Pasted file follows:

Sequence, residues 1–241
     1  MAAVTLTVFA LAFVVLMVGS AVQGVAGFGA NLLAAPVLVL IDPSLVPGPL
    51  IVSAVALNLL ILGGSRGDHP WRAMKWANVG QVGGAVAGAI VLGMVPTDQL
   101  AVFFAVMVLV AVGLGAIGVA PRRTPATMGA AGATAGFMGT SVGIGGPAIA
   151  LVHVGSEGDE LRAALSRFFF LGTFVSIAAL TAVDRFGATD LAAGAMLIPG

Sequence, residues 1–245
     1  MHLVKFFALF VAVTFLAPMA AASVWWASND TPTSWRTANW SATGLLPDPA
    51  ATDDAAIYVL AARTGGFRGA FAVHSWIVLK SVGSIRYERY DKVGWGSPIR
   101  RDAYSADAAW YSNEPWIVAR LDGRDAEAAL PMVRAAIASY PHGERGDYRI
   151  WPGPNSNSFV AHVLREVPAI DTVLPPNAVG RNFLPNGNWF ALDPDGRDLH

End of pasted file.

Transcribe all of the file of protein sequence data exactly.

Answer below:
Sequence, residues 1–241
     1  MAAVTLTVFA LAFVVLMVGS AVQGVAGFGA NLLAAPVLVL IDPSLVPGPL
    51  IVSAVALNLL ILGGSRGDHP WRAMKWANVG QVGGAVAGAI VLGMVPTDQL
   101  AVFFAVMVLV AVGLGAIGVA PRRTPATMGA AGATAGFMGT SVGIGGPAIA
   151  LVHVGSEGDE LRAALSRFFF LGTFVSIAAL TAVDRFGATD LAAGAMLIPG

Sequence, residues 1–245
     1  MHLVKFFALF VAVTFLAPMA AASVWWASND TPTSWRTANW SATGLLPDPA
    51  ATDDAAIYVL AARTGGFRGA FAVHSWIVLK SVGSIRYERY DKVGWGSPIR
   101  RDAYSADAAW YSNEPWIVAR LDGRDAEAAL PMVRAAIASY PHGERGDYRI
   151  WPGPNSNSFV AHVLREVPAI DTVLPPNAVG RNFLPNGNWF ALDPDGRDLH